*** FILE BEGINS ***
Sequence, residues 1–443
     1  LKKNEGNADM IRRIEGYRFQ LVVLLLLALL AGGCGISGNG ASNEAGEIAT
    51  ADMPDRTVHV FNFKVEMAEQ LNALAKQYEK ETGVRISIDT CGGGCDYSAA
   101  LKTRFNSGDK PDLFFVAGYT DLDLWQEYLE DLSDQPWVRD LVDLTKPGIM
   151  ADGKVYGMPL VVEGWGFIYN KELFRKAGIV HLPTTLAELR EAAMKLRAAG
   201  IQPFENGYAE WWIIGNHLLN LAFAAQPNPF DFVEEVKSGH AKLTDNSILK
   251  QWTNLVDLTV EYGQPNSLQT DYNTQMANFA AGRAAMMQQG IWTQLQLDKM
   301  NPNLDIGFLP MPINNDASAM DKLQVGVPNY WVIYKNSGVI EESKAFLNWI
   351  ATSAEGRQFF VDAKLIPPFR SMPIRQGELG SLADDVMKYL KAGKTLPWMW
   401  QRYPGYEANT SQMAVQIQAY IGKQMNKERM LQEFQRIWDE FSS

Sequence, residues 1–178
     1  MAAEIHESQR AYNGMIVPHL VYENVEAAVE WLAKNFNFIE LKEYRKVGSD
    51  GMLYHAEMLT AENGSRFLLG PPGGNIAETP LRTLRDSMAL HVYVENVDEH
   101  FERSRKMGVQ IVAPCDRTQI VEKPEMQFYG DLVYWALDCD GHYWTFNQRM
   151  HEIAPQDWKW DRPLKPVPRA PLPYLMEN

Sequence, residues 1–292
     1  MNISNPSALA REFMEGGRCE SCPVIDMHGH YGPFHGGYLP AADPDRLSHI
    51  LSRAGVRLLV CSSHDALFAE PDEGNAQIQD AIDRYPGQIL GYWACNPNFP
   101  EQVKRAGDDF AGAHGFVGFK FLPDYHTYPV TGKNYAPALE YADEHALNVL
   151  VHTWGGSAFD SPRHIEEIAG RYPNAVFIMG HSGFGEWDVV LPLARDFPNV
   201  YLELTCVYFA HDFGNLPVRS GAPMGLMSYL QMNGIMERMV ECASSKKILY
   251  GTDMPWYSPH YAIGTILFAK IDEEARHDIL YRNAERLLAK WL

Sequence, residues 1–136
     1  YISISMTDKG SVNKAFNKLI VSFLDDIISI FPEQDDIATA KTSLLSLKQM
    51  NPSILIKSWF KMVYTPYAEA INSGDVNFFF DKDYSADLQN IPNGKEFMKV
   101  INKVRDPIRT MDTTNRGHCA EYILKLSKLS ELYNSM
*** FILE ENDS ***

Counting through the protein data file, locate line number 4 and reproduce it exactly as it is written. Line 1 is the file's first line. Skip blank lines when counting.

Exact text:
   101  LKTRFNSGDK PDLFFVAGYT DLDLWQEYLE DLSDQPWVRD LVDLTKPGIM